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Bioprobes pp 97-123 | Cite as

Immune Cell Functions

  • Kazuo Nagai
  • Takao Kataoka

Abstract

The immune response, as expressed in its most sophisticated form in higher vertebrates including humans, is a self defense mechanism that works to protect the host by distinguishing and neutralizing or destroying the non-self substances, such as abnormal cells or invading infectious agents. All cells participating in immune reactions are derived from pluripotent hematopoietic stem cells produced in the bone marrow.The stem cells differentiate into myeloid progenitors and common lymphoid progenitors.The myeloid progenitors are the precursor of the granulocytes and macrophages. There are three types of granulocytes, neutrophils, eosinophils and basophils. The common lymphoid progenitors give rise to the lymphocytes which are divided into two major groups, B lymphocytes and T lymphocytes. These lymphocytes have antigen receptors, the surface immunoglobulin of B cells and the antigen receptor of T cells (TCR). B cells can detect antigen outside the cell, while on the other hand, T cells recognize antigens that are generated inside the cell and expressed on the cell surface as molecules combined with a major histocompatibility complex (MHC).Upon activation, B lymphocytes differentiate into plasma cells, which secrete antibodies. There are two main classes of T lymphocytes, helper T cells (TH), which activate immune cells such as B cells and macrophages, and cytotoxic T lymphocytes (CTLs), which kill virus-infected cells and the cells of transplanted tissues or organs bearing altered MHC-peptides.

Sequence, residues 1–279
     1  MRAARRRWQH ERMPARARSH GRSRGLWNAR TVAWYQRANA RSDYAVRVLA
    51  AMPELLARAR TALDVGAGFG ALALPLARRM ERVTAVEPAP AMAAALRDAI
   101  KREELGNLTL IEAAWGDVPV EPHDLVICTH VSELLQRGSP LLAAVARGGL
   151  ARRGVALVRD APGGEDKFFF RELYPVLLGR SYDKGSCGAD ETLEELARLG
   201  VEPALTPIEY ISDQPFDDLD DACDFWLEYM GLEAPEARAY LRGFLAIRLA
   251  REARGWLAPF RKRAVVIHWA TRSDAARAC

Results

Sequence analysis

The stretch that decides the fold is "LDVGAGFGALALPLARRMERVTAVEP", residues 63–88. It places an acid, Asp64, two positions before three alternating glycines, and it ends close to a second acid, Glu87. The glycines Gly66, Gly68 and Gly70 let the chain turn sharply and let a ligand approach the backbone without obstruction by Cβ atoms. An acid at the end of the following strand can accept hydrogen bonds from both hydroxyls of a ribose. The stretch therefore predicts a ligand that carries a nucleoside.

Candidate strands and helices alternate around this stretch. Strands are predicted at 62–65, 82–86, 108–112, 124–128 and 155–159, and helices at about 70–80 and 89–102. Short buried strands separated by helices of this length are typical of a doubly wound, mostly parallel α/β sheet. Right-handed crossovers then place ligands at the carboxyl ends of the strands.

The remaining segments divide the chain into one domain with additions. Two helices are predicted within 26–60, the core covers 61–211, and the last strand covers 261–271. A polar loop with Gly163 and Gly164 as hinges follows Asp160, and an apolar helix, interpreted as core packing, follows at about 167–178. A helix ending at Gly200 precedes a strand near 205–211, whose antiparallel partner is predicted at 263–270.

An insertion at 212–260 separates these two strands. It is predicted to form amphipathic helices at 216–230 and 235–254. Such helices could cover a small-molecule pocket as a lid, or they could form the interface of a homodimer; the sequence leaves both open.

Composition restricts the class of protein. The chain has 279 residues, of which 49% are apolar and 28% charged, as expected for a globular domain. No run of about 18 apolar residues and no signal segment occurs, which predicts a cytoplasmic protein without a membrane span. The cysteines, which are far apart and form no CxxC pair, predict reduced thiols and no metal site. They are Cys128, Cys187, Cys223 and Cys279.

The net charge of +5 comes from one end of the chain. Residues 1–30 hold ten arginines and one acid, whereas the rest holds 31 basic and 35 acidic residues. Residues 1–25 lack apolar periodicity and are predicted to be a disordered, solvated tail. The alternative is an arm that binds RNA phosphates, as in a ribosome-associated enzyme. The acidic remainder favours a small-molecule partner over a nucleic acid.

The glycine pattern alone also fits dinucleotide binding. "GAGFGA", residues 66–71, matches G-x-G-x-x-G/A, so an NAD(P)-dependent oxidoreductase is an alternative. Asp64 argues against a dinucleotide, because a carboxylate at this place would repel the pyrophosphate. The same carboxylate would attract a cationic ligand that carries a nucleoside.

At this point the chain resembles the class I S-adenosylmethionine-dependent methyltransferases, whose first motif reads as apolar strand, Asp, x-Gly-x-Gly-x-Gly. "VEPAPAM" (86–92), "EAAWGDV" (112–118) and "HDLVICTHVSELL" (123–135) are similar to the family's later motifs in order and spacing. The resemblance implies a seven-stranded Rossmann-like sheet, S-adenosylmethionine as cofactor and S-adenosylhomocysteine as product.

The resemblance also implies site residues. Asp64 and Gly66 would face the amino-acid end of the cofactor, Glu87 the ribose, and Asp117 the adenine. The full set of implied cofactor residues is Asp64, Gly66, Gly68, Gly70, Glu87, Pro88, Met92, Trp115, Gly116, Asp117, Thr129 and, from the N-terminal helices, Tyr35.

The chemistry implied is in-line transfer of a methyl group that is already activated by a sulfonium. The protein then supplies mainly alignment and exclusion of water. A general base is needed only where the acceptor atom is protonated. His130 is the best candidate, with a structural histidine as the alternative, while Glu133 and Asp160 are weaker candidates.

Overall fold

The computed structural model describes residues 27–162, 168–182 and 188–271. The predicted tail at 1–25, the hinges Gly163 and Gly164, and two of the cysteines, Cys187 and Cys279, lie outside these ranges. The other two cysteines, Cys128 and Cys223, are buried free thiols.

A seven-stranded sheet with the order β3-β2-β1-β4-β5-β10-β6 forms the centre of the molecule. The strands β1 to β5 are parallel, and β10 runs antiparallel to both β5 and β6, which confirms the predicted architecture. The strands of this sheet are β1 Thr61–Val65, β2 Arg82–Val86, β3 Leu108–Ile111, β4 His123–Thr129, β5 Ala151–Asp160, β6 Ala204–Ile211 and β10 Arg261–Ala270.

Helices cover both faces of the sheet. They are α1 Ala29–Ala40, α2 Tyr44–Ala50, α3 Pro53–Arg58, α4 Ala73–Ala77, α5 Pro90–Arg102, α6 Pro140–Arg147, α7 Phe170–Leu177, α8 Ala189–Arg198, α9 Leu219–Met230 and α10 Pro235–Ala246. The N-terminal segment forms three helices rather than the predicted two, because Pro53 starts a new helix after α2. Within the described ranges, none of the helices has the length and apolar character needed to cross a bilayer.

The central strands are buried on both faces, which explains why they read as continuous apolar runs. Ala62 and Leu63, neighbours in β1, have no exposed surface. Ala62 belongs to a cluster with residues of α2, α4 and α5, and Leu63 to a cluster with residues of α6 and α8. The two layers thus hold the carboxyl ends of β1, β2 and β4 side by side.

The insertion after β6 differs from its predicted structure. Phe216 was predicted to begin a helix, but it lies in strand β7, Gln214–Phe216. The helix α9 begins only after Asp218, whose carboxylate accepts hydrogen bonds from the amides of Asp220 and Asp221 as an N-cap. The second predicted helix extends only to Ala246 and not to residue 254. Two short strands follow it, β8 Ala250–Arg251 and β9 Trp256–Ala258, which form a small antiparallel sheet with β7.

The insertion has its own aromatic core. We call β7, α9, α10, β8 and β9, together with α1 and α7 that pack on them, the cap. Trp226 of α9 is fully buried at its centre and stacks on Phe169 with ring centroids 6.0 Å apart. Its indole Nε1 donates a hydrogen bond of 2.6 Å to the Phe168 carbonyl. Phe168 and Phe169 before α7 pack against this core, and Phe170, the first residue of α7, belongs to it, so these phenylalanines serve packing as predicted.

Keywords

Mycophenolic Acid Mixed Lymphocyte Reaction FasL Expression Immune Cell Function Granule Exocytosis 
These keywords were added by machine and not by the authors. This process is experimental and the keywords may be updated as the learning algorithm improves.

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Copyright information

© Springer-Verlag Tokyo 2000

Authors and Affiliations

  • Kazuo Nagai
  • Takao Kataoka

There are no affiliations available

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